Sunday, January 31, 2010

Life Upon The Wicked Stage

After some discussion with the publisher, I submitted an article to the Theatre Vault website. If it is received well (or at all), it will likely be the first of several by various contributors. I've included it here because (1. I liked it), and (2. There's some truth in there.) If you have any thoughts in these directions, lemme know. I can always go for Part 2 ...

Many good things happened in Columbus community theatre in 2009. There is a breathtaking amount of talent out there. Often the only differences between professional and non-professional theatre are those nuances we tend to rationalize as “that’s just the way it is.”

Sorry, I don’t buy that. “Just the way it is” is an excuse for lack of imagination in one area or another. And so, with the thought of building up rather than tearing down, we point out some of the consistent problems community theatres choose not to address whenever possible.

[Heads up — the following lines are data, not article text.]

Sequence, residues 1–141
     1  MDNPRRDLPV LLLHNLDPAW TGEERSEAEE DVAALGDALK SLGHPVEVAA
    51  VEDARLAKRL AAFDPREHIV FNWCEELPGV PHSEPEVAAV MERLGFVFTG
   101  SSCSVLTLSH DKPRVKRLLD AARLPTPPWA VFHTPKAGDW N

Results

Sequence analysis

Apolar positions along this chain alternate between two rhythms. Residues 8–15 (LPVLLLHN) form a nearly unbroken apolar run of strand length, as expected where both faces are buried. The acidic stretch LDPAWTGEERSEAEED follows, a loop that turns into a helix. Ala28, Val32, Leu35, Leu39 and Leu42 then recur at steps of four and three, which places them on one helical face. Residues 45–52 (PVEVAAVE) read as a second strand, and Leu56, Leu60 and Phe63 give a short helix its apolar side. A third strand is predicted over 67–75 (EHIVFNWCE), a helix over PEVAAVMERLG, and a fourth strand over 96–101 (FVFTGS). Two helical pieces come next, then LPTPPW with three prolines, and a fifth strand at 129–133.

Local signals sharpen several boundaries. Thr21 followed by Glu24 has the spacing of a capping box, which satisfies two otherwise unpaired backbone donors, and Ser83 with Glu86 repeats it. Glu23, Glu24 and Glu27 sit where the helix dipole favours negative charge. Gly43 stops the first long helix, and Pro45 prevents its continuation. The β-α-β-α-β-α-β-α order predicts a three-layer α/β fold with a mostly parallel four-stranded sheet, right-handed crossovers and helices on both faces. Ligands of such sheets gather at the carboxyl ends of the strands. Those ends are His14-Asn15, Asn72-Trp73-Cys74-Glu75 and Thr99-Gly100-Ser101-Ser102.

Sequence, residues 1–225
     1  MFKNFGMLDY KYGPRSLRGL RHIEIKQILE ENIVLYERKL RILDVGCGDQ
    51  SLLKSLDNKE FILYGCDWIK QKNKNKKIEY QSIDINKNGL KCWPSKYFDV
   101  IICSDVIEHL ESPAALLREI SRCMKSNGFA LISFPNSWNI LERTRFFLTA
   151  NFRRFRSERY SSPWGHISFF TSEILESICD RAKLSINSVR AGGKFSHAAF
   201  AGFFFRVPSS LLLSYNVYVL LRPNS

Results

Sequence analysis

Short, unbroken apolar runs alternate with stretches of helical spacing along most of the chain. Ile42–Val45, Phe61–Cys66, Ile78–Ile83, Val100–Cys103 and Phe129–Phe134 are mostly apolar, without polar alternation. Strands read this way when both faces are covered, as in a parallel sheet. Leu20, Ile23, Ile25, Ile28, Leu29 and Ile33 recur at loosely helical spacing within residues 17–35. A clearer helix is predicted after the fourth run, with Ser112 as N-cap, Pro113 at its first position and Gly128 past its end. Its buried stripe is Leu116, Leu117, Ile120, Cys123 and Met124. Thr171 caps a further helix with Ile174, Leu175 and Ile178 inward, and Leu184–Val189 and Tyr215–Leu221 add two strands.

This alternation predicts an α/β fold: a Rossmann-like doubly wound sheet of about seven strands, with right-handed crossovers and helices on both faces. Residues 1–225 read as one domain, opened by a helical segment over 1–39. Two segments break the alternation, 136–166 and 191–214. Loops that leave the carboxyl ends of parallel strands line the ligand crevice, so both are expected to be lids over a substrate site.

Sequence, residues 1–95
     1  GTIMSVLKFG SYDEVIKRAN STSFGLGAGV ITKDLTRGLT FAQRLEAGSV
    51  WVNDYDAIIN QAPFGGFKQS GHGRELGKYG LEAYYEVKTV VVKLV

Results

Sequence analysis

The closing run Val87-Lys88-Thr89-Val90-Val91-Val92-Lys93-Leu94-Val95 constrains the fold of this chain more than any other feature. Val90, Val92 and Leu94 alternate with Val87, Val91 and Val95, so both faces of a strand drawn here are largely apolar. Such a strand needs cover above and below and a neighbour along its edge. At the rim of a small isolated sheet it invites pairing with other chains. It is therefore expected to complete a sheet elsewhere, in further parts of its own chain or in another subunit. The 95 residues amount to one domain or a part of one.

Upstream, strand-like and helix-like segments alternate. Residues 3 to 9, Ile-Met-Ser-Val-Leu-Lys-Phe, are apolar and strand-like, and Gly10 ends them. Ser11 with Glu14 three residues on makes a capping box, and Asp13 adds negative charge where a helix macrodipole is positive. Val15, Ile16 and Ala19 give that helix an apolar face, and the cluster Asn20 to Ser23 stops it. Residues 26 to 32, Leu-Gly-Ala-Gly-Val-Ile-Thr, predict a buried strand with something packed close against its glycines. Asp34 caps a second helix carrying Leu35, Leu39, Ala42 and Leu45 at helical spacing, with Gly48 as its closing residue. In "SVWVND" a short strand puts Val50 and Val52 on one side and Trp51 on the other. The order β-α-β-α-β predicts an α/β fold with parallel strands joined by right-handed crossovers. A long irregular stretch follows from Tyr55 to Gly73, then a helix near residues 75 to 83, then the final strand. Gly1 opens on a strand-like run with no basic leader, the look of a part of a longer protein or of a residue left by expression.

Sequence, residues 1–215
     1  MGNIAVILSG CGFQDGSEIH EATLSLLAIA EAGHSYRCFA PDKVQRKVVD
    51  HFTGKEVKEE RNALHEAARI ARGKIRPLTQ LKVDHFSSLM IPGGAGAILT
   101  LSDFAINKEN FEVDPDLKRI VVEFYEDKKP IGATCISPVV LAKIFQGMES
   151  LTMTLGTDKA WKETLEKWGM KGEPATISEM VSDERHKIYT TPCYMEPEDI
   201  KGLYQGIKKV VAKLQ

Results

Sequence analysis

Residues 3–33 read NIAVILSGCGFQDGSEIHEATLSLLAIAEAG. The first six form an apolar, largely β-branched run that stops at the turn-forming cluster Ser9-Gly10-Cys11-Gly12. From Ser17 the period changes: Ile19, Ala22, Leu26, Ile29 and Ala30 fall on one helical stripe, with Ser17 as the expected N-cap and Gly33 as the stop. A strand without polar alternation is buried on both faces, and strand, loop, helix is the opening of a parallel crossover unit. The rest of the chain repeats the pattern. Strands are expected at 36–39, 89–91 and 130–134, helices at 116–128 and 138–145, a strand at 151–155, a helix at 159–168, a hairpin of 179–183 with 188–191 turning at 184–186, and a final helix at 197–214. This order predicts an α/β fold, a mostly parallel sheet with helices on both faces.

In other words, here’s our first “this sucks” community theatre experiences for 2009.

I saw three musicals this year. In two of them I watched people lacking in muscle tone and rhythm while they stomped around a stage in an homage to the Frankenstein monster. Sorry, that’s not dancing. Embarrassing is what it is, and one of the reasons many people label community theatre as “amateur.”

Along the same line, dressing fat people in tight clothes does not make them look like dancers - it makes them look like fat people dressed in tight clothes.

The majority of shows I saw incorporated set changes that were more involved than the show they bridged. Please don’t do that. It takes time and nobody really cares.

I saw four plays this year that were written between a hundred and four hundred years ago. I suffered through a number of performers who had no idea what the meanings were behind the words they were speaking. Theatre managers, if you have any mercy for your audiences at all, give these people chloroform just before they perform. Better still, give it to us.

I saw one play this year where an episode of a television show had been performed as a stage play. The original script writers are now deceased. Rightly so.

I observed one community theatre that flatly turned down free publicity in the form of play reviews. This is sad on so many levels.

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